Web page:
• The proposal raids $30 million from the PA Infrastructure Bank. This will lead to a reduction in loans for qualified transportation projects of at least $17.5 million.
  • The proposal raids $25 million from the Small Business First Fund, which provides loans to small businesses to help them comply with environmental regulations or adjust to defense cutback. The balance plus new revenues from principal and interest repayments only totals $19 million. This transfer will basically end this state program.
  • The proposal raids $75 million from the Recycling Fund, which funds “recycling and planning grants, market and waste minimization studies, and public information and education activities” and also finances the cleanup of illegally deposited waste on state forest. This will lead to at least a $25 million reduction in state spending for these purposes.
  • The proposal raids $357 million from the Public Transportation Trust Fund, which receives revenue from Turnpike tolls and other sources and provides dedicated operating and capital funding for public transit. This will necessarily require about a $100 million reduction in expenditures from the Fund.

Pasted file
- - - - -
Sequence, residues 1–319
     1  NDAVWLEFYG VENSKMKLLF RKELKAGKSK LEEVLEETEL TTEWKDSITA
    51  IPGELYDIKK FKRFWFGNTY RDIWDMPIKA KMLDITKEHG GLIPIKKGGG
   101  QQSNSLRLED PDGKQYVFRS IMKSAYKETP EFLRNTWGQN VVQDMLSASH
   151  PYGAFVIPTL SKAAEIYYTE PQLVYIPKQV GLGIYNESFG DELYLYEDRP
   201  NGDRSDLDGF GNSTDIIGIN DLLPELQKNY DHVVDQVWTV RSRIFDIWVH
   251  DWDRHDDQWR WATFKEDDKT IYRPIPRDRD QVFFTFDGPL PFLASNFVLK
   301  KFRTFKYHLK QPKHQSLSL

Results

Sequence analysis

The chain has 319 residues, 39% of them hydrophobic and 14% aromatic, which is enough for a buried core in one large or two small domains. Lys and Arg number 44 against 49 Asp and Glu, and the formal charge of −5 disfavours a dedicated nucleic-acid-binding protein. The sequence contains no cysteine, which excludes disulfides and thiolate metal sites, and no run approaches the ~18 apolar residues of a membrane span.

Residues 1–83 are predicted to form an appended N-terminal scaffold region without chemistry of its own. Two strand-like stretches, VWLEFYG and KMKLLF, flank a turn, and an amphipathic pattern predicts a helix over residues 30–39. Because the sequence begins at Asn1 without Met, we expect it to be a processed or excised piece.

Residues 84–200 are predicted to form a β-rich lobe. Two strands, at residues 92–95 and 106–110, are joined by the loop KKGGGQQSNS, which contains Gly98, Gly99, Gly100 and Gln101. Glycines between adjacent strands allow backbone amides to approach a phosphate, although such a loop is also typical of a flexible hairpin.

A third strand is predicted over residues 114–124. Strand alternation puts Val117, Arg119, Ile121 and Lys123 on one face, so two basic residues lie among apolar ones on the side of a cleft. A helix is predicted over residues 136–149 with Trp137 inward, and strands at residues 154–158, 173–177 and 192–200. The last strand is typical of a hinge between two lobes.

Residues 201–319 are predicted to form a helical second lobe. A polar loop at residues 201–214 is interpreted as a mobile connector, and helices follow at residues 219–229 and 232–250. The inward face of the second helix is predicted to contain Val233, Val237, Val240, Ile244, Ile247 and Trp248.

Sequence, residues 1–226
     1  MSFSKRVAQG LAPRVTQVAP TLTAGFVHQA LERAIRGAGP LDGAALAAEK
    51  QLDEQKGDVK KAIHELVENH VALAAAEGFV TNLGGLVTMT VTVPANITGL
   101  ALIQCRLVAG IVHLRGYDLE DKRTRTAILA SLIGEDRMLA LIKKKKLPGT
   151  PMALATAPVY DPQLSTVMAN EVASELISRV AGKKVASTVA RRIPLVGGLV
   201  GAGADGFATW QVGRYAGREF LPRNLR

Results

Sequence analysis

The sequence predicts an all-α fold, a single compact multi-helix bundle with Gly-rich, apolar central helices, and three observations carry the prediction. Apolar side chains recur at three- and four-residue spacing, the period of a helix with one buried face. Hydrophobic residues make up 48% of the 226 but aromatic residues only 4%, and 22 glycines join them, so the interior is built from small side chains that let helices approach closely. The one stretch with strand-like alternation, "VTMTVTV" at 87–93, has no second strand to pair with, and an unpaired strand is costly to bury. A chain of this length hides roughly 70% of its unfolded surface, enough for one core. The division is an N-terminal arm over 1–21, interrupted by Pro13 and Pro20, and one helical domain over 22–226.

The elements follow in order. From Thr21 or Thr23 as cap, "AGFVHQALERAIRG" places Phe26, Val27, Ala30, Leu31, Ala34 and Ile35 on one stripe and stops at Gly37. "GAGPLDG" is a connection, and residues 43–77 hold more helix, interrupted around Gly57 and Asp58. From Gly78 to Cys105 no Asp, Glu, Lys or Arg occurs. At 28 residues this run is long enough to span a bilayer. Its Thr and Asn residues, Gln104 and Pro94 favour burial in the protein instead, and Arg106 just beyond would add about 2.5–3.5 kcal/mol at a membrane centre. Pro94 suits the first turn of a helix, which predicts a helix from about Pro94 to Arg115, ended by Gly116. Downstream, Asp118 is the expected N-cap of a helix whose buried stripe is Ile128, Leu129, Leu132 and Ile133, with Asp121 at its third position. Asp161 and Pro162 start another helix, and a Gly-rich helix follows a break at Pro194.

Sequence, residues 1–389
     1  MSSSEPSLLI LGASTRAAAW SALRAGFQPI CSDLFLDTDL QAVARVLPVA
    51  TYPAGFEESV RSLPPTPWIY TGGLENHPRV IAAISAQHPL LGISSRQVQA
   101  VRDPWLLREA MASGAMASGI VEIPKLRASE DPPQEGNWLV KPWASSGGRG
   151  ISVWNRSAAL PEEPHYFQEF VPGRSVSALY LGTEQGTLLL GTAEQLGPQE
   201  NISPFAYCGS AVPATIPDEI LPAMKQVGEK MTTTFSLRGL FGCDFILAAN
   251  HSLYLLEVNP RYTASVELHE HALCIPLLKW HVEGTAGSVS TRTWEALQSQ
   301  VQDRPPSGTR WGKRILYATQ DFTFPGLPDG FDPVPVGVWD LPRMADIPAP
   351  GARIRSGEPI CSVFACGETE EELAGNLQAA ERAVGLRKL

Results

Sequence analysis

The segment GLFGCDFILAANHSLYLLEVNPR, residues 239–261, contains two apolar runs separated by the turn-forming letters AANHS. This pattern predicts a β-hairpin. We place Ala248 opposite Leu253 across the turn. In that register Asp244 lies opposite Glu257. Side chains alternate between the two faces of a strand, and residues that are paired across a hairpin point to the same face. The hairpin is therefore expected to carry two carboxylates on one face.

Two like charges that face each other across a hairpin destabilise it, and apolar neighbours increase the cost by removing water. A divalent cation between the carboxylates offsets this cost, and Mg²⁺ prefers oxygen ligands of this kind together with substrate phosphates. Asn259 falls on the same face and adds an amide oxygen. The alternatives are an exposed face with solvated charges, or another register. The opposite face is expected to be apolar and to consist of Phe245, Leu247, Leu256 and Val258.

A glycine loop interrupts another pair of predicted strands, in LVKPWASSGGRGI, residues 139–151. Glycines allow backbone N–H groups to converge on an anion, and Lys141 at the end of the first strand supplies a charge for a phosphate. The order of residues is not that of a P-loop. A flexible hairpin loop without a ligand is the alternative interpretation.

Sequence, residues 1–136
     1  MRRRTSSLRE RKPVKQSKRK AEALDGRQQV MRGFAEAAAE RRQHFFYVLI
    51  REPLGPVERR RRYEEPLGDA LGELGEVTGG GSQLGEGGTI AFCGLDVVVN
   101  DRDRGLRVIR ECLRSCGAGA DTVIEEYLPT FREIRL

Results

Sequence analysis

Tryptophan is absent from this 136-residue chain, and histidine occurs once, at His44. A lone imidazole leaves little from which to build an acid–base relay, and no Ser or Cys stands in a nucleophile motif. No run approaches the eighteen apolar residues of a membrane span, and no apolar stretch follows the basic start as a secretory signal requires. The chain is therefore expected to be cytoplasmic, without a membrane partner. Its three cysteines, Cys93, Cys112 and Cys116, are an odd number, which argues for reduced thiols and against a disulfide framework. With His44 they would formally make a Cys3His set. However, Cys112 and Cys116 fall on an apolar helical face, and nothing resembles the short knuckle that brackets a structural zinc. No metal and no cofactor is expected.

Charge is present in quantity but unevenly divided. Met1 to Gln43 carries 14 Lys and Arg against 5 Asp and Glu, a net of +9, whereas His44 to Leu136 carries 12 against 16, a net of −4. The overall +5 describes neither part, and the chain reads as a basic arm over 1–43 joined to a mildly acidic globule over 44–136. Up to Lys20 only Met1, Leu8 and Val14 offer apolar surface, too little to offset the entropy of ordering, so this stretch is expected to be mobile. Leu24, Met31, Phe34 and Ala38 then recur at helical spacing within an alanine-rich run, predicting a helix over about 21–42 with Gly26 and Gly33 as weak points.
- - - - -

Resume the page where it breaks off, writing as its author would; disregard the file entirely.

• The proposal raids $50 million from the Hazardous Site Clean Up Fund, which finances cleanup and restoration of abandoned hazardous waste sides. This will require a reduction of $11 million in spending this year.
  • The proposal raids $100 million from Keystone Recreation Park and Conservation Fund that comes from dedicated bonds as well as tax revenues, which funds acquisitions, improvements and expansions of commonwealth and community parks, recreation facilities, historic sites, zoos, public libraries, nature preserves and wildlife habitats. This will eliminate the $95 million in spending from this fund this year.
  • The proposal raids $25 million from the Banking Fund, which receives funds from fees, assessments, charges and penalties collected or recovered from persons, firms, corporations or associations under the supervision of the Department of Banking Securities. While here the Republicans may have found a real surplus, there is a reason for it: to have funds available in case a of seizure or liquidation of a financial institution, association or credit union. It is good government to maintain this surplus.